Acts 1-6 have been dominated by the Apostle Peter because he is the apostle to the Jews (Galatians 2:7, 8).  However, a new character, Paul, enters the picture in chapter 9.  We are first introduced to Paul in Acts 7:58 where he is called by his birth name, Saul (Acts 13:9).  Paul, by his own admission, is the chief persecutor of the church: “[I breathed] out threatenings and slaughter against the disciples of the Lord” (Acts 9:1) and “imprisoned and beat in every synagogue them that believed” (Acts 22:19) and “was before a blasphemer, and a persecutor, and injurious” (I Timothy 1:13).  Sounds like a really attractive guy!  Funny thing is, Paul was one of the most religious men on earth: “If any other man thinketh that he hath whereof he might trust in the flesh, I more: Circumcised the eighth day, of the stock of Israel, of the tribe of Benjamin, an Hebrew of the Hebrews; as touching the law, a Pharisee; Concerning zeal, persecuting the church; touching the righteousness wh!

ich is in the law, blameless” (Phil. 3:4-6). 


Oddly enough, religion is the most destructive enemy of God.  It was the religious (the Jewish council) who crucified our Lord, it was the religious (the Jewish council) who stoned Stephen and it was a religious leader (Paul) who was the most destructive force against the church.  But consider the rest of Paul’s testimony: “[I] was before a blasphemer, and a persecutor, and injurious: but I obtained mercy, because I did it ignorantly in unbelief.  And the grace of our Lord was exceeding abundant with faith and love which is in Christ Jesus.  This is a faithful saying, and worthy of all acceptation, that Christ Jesus came into the world to save sinners; of whom I am chief.  Howbeit for this cause I obtained mercy, that in me first Jesus Christ might shew forth all longsuffering, for a pattern to them which should hereafter believe on him to life everlasting” (I Timothy 1:13-16).  What a radical transformation!  God can save and transform anyone!  Paul goes from being the chie!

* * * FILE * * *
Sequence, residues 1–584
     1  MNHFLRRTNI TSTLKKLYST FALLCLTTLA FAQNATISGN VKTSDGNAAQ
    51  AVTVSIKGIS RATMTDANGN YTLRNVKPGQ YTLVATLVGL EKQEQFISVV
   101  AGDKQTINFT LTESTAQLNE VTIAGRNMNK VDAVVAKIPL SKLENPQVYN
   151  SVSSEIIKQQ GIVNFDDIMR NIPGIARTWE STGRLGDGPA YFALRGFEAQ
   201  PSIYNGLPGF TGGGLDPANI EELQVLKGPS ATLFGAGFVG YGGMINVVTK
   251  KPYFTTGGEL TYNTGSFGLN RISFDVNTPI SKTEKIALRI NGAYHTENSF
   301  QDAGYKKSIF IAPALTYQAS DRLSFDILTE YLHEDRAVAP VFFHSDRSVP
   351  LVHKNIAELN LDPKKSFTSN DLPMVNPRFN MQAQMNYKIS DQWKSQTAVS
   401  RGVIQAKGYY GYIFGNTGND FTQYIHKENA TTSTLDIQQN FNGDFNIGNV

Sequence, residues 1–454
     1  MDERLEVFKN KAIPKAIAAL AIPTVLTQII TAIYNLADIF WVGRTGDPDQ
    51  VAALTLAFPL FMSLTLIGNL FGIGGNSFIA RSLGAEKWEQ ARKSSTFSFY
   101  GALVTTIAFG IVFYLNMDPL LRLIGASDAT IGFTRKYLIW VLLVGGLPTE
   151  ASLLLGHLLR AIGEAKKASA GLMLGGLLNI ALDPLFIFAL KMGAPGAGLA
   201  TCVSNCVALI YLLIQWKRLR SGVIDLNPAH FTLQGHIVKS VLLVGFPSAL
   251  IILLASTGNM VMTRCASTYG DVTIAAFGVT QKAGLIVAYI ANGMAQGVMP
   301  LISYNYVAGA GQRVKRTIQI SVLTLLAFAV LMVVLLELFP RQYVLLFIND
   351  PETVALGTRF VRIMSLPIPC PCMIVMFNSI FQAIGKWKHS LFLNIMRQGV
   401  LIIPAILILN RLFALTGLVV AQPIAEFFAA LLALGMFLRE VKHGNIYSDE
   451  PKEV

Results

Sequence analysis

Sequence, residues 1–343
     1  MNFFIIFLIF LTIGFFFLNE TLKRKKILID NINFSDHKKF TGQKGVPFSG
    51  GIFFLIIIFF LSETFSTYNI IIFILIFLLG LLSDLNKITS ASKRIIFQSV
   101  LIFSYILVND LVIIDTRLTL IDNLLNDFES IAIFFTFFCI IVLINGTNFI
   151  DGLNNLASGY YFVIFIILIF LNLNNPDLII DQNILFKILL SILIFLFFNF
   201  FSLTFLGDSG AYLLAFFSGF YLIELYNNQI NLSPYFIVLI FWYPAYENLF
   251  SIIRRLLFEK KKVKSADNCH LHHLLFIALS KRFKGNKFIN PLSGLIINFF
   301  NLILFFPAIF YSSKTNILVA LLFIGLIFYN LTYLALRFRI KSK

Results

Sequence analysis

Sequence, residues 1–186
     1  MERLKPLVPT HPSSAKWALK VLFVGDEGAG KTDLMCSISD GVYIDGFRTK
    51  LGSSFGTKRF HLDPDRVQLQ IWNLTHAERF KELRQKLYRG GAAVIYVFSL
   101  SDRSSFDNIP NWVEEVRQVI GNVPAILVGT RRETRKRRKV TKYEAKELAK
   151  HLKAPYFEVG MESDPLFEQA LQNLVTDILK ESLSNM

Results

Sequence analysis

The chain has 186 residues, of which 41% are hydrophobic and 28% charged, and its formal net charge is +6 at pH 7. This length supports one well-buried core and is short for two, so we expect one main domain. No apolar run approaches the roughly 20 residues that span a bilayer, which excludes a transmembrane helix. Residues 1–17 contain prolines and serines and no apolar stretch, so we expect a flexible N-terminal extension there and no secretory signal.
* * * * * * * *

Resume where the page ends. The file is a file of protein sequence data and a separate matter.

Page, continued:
f misery of the church to the chief missionary of the church.  Paul was specifically saved to be a missionary to the Gentiles: “[Paul] is a chosen vessel unto me, to bear my name before the Gentiles, and kings, and the children of Israel” (9:15).  From this chapter forward, Peter’s role as the apostle to the Jews (Galatians 2:7, 8) diminishes while Paul’s role as the Apostle to the Gentiles increases.  In fact, Peter’s name is mentioned only one time after Acts 13 while Paul’s is mentioned 129 times.